New Start, the retired racehorse rehoming project of the PA HBPA, has 12 alumni named to the Makeover.

“Looking at where Makeover horses finished their careers definitely gives us some insight into the trajectory these horses take and where rehoming interventions need to happen” wrote Kristen Green on the RRP’s Web site. “We compiled the tracks where each horse last raced – the track they retired from – and these 10 tracks supplied over half (52 percent) of our Makeover entries. They are second-tier tracks, where the trainers likely have fewer recourses and less financial cushion. It’s the trainers who have the least who are the ones who are asked to ensure that the racers on their way down don’t end up in dangerous situations.”

The ten tracks referred to are in order of participation: Penn National (50); Mountaineer Park (35); Finger Lakes (27); Mahoning Valley (26); Parx Racing (26); Laurel Park (23); Indiana Grand (22); Belterra Park (20); Charles Town (18); Turfway Park (18).

“Congratulations PA HBPA’s New Start and Cantor PA” wrote Clovis Crane, a board member of the PA HBPA who will again participate in the Makeover. “This is a fantastic example of the dedication of our horsemen to repurpose our Thoroughbreds when they are no longer racing.”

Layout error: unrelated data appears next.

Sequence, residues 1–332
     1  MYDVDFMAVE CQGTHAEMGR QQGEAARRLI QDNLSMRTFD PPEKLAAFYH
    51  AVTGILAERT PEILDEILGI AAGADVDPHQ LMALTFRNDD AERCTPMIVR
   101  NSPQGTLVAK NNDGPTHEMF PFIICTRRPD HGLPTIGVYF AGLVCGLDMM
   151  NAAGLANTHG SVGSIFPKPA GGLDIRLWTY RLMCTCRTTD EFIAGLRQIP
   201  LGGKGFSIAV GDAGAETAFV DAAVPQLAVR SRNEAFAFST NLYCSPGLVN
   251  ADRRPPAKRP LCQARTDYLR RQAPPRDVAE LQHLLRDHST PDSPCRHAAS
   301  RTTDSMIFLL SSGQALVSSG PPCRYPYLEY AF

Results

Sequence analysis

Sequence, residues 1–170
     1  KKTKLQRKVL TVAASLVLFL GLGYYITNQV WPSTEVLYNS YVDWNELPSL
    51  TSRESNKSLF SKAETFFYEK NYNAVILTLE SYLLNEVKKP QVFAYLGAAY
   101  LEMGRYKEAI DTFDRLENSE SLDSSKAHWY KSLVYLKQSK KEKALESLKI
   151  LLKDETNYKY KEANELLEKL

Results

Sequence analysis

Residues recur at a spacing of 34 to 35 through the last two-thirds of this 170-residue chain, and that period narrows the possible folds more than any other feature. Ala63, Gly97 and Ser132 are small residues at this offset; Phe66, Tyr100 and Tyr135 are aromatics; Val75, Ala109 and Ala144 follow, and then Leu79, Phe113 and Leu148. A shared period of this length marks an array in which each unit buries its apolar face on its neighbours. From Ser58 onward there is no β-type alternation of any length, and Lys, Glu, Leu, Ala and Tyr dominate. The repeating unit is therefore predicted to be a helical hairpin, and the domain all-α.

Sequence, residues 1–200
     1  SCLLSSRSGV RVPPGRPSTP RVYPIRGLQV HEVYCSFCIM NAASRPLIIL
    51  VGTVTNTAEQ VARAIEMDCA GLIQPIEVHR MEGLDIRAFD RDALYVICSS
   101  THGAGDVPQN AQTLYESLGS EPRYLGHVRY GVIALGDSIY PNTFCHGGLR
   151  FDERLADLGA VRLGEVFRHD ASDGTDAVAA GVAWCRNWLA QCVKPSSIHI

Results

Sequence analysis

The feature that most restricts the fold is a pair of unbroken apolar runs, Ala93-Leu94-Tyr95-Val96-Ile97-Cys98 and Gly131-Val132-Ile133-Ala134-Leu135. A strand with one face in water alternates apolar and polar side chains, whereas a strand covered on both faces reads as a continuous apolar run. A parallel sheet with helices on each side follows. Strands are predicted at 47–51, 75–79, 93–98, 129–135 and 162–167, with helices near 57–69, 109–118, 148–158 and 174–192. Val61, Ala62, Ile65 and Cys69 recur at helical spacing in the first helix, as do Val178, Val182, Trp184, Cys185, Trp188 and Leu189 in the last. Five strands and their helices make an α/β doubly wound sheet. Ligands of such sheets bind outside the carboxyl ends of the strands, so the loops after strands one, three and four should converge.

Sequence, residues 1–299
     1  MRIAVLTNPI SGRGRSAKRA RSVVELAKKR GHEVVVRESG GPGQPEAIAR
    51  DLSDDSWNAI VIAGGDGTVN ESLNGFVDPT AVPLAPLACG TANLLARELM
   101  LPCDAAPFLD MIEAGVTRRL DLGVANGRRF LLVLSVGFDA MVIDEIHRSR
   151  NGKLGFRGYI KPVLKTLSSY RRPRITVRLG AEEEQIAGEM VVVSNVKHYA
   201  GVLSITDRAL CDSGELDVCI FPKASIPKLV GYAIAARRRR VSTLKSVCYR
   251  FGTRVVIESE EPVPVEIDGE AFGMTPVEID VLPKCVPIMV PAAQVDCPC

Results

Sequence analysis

The Makeover is designed for horses competing in ten disciplines.





T.I.P. Non-Competition Award Applications Available

Thoroughbred Incentive Program

6/23/2017

Applications for The Jockey Club Thoroughbred Incentive Program’s (T.I.P.'s) two annual awards, the Thoroughbred of the Year Award and the Young Rider of the Year Award, are now available online at tjctip.com.

The T.I.P. Thoroughbred of the Year Award recognizes a Thoroughbred that has excelled in a non-competitive career, such as equine-assisted therapy or police work. The award includes a $5,000 grant to the non-profit organization associated with the horse or, if no organization is associated with the horse, to a horse-related charity chosen by The Jockey Club.